By 1990, the Teenage Mutant Ninja Turtles were a phenomenon. They’d lept from the pages of an obscure indie comic book to weekday afternoon television. As such, TMNT was already a popular line of action figures. Naturally, the next step was a live-action movie. The first trilogy of movies went with turtle costumes and animatronic puppets. The Jim Henson Company designed the suits for the first two movie.
The most remarkable thing is not the Jim Henson animatronics, although they are wonderful. It’s that real martial artists could perform choreography in those costumes. It’s far less impressive that newer films could create more “realistic” teenage mutant ninja turtles with CGI.
The film is an action-adventure, centered by four brothers coming of age while battling Shredder and his nefarious Foot Clan. The concept was born out of a laugh, but when the giggles faded, a titanic franchise stood, and while many movies and cartoons have followed in its gargantuan wake, none can compare to the 1990 original.
So how did this obscure idea originate?
A couple of buddies were joking about a roadside turtle strong enough to kick a bus into a tailspin. The image tickled their fancy, and days later, one buddy mutated the turtle into a ninja via a pen and ink sketch. The other friend took a stab with his own design. The friends, Peter Laird and Kevin Eastman loved each others’ dumb jokes a little too much, taking these scribbles to heart and forcing them into a forty-page comic book with a print run of three thousand in 1984. The comic was an instant success; four years later, it was already selling for two-hundred dollars, and today you can find copies floating on eBay for nearly $80,000.
From the comic, came the cartoon, the toys, and then the film. Teenage Mutant Ninja Turtles received mostly ridicule from the suits who guarded the money, but for those that saw the potential behind the title, a mountain of cash awaited. Gary Propper, who was the road manager for the comedian Gallagher, got his hands on the comic book and sensed the cinematic possibilities of the title. Propper took the idea to producer Kim Dawson, and he brought on Bobby Herbeck to concoct a story. Together, they approached Golden Harvest, the studio behind most of Bruce Lee and Jackie Chan’s films.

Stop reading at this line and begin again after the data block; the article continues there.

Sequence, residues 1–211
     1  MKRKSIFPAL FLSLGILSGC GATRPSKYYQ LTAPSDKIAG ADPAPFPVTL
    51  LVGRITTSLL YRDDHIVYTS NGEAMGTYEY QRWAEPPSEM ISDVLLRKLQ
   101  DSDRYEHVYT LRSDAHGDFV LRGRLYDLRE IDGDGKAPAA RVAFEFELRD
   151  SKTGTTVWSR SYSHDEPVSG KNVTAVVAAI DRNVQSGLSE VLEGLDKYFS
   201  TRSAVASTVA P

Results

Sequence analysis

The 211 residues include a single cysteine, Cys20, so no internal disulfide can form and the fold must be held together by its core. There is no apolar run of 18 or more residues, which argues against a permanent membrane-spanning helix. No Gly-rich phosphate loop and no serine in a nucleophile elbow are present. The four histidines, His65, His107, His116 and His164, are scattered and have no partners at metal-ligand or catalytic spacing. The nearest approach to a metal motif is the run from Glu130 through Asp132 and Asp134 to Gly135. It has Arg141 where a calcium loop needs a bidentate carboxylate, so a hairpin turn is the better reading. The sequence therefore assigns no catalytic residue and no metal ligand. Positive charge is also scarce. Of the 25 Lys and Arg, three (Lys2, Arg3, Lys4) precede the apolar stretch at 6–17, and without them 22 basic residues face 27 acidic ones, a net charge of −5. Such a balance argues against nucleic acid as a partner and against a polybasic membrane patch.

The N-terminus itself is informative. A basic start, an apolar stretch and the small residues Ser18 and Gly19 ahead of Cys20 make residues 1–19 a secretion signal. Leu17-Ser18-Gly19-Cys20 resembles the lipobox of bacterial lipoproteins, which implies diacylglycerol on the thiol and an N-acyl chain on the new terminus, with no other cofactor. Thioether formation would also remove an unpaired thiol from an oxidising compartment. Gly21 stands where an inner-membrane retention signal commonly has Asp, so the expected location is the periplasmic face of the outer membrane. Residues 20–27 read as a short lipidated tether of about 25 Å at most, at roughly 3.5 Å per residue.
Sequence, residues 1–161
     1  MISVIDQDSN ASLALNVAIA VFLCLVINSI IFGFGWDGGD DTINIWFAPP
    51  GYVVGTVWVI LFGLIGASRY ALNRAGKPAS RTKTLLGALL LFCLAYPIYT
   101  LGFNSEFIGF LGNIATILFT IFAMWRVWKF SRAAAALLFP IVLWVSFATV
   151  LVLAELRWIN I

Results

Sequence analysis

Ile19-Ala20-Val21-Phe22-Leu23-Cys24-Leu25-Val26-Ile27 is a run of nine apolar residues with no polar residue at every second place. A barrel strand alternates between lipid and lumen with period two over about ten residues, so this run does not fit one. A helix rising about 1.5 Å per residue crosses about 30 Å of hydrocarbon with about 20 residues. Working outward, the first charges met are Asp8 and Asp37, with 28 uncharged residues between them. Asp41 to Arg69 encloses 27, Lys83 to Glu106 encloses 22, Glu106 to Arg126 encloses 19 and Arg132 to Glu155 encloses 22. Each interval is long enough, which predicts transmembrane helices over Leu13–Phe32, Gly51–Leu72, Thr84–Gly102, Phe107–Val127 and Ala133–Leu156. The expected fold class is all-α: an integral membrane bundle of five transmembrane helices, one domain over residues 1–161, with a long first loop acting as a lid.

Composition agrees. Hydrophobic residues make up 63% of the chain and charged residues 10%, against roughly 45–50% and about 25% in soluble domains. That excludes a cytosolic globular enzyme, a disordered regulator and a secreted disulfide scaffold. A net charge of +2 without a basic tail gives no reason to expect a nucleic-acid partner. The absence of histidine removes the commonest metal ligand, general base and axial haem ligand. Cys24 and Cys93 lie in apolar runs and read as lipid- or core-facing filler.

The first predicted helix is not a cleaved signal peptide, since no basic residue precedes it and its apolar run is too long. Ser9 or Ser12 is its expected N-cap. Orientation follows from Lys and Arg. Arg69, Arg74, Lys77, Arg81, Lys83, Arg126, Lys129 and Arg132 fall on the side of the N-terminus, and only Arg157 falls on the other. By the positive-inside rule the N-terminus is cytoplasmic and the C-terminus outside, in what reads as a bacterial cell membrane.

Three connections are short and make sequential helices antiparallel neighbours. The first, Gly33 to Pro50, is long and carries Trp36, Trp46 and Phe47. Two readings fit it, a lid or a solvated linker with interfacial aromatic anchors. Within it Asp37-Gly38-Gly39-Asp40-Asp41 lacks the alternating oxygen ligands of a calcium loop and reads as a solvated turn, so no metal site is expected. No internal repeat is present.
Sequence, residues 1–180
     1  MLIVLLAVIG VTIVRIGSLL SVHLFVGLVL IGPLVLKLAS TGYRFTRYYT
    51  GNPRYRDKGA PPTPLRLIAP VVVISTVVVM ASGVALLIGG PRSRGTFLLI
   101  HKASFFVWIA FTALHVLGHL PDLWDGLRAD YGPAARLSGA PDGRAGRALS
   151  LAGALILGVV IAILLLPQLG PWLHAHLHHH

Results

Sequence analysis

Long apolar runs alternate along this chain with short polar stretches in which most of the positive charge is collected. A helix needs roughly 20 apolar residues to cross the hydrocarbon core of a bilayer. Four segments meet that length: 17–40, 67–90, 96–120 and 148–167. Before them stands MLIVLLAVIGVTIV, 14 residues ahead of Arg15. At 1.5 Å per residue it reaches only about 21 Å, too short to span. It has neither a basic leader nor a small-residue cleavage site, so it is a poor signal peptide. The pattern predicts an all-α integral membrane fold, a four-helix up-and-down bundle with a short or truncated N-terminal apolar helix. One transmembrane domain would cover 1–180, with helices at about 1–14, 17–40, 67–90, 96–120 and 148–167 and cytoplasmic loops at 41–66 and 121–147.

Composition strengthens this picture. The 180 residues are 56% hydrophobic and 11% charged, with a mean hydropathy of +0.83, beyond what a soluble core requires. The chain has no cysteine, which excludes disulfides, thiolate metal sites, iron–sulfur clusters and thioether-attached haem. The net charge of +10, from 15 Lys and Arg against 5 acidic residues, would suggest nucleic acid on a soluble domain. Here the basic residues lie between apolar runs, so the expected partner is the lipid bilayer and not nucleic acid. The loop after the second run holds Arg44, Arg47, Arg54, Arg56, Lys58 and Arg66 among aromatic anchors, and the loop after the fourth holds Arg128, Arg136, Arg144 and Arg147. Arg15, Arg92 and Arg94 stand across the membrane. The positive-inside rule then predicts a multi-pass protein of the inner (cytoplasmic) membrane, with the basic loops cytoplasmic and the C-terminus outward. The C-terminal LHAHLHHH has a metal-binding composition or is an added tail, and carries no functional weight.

What began as a six million dollar venture quickly escalated into a thirteen and a half million dollar risk. Director Steve Barron made his bones shooting music videos, and he’s responsible for several iconic early works of the medium, including A-ha’s “Take on Me” and Michael Jackson’s “Billie Jean.” Previously, he shot the pilot episode for Jim Henson‘s The Storyteller, which encouraged the master puppeteer to lend his expertise toward the film’s crucial animatronic artistry despite his objections to the violent nature of the screenplay.
When the film finally landed in theaters on March 30, 1990, audiences, already primed on the cartoons and action figures, went mad for the adaptation, shelling out $200 million by the end of its box office run. However, Teenage Mutant Ninja Turtles is not some kiddie cash-in (the sequels can claim that crown). The film is made by artists who deeply respected the source material and worked tirelessly to bring you an authentic experience starring a quartet of immature, martial arts badasses with a penchant for pizza. Barron loved the weirdos splattered on Eastman and Laird’s pages, and he wanted you to love them too.
The work committed by The Jim Henson Company is simply stunning and puts the bulky CGI brutes of the most recent adaptation to horrendous shame. These turtles not only come alive through their suits, but the magic and philosophy fostered by Henson through his puppeteers, as well as the other actors who surround them. Give a big “Bravo” to Judith Hoag and Elias Koteas as Turtle sidekicks April O’Neil and Casey Jones. This movie still stands as the best of all the TMNT adapations.